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Mexico finds more bodies in mass graves, blames the Zetas

By the CNN Wire Staff
Photos from the Mexican attorney general show nine people detained in connection to mass graves in San Fernando, Mexico.
Photos from the Mexican attorney general show nine people detained in connection to mass graves in San Fernando, Mexico.
  • NEW: The brother of a missing man says he's probably dead
  • A total of 116 bodies have now been recovered
  • Authorities are working to identify the dead
  • 17 suspects have been detained so far
  • Mexico
  • Los Zetas

Mexico City (CNN) -- Mexican authorities said Tuesday they have so far found 116 bodies buried in mass, clandestine graves in the northern border state of Tamaulipas.

They had previously said they found 88.

Mexican Attorney General Marisela Morales told reporters that 17 suspects have been detained in connection with the killings, which she said were likely the responsibility of the Zetas drug cartel.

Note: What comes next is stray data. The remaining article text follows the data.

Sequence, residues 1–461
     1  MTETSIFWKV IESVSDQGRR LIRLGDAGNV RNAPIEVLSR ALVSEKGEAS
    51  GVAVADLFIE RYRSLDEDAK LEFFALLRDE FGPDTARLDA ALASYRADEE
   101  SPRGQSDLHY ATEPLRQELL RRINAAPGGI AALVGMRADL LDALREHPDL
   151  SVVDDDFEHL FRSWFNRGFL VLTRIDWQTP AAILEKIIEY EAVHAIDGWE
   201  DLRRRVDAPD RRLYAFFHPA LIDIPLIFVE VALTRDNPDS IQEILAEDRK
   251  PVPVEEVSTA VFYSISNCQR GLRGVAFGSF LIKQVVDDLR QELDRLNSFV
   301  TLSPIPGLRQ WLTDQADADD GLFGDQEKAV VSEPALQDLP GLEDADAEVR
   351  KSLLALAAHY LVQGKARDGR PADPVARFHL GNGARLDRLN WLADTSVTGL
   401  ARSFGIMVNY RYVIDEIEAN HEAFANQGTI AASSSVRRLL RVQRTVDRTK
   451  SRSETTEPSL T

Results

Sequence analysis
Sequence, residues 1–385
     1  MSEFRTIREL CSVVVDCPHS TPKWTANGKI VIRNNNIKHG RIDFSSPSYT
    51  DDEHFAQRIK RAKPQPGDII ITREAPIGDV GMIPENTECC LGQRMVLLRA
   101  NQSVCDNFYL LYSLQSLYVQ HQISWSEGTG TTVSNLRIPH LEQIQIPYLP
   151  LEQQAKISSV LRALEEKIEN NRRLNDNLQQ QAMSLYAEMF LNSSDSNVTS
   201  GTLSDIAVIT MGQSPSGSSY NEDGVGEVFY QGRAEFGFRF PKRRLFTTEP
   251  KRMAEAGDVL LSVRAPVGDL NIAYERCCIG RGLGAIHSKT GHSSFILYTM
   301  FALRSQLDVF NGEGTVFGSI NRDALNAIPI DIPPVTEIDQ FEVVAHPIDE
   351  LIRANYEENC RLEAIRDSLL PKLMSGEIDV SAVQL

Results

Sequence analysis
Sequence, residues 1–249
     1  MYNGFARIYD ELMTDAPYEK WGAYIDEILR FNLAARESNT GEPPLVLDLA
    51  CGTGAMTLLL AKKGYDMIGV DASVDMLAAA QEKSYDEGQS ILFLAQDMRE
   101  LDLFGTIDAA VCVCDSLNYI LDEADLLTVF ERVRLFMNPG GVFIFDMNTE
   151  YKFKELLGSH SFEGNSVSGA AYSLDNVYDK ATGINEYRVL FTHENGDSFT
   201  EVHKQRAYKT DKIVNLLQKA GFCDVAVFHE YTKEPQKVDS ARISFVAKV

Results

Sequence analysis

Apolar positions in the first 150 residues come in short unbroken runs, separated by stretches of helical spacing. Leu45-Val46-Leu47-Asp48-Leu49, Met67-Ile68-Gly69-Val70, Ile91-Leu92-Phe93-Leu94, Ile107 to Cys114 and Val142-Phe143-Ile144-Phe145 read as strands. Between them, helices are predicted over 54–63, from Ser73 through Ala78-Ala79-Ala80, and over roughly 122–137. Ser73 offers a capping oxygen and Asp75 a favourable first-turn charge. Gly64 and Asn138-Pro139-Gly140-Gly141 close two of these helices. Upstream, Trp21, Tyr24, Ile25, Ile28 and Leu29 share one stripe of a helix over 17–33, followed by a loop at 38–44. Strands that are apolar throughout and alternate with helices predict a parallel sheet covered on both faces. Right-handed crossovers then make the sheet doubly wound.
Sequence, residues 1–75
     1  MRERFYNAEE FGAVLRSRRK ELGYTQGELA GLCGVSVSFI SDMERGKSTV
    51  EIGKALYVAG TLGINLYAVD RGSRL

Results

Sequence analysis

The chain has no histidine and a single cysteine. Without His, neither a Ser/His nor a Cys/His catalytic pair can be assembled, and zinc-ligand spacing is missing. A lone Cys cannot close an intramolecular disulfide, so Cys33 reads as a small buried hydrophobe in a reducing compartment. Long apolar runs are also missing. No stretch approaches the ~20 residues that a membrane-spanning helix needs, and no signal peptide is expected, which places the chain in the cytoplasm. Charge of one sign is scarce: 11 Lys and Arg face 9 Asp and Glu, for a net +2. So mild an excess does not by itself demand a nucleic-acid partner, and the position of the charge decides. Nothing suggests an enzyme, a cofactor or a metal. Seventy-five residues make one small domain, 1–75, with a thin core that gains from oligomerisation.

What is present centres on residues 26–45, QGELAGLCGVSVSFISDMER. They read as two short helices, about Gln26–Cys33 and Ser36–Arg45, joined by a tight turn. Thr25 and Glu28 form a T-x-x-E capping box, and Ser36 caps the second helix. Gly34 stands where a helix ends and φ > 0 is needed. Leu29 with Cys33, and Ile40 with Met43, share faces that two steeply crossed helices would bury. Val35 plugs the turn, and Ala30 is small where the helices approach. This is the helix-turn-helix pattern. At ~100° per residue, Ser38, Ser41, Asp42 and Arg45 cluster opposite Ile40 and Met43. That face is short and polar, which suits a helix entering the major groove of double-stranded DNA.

She said investigators are working to identify the dead and vowed to bring the guilty to justice.

Authorities began finding the graves earlier this month during an investigation into a report of the kidnapping of passengers from a bus in late March. The investigation led them to San Fernando, Tamaulipas -- the same place where in August of last year, the bodies of 72 immigrants were found at a ranch.

Ricardo Rivera, who lives in California, says his brother, Sergio, was kidnapped from a bus in Tamaulipas on March 25. He hasn't spoken to his brother since.

"He's probably dead," said Ricardo, adding that Sergio has four young children living in the United States.

"I don't want to tell them," he said. "They're too little. I don't want to break their hearts."

Tamaulipas is one of Mexico's most active states when it comes to drug trafficking. The Gulf cartel and the Zetas cartel operate in the state and have strongholds there.

The Zetas have been blamed for the killings of the 72 migrants found in San Fernando last year.

Nationwide, the Mexican government says there have been some 35,000 drug-related deaths since President Felipe Calderon began a crackdown on the cartels in December 2006.

"These reprehensible acts underline the cowardice and the total lack of scruples of the criminal organizations, which generate violence in our country, and especially in the state of Tamaulipas," Calderon's office said in a previous statement about the mass graves.

CNN's Rafael Romo, Maria Elisa Callejas and Dana Ford contributed to this report.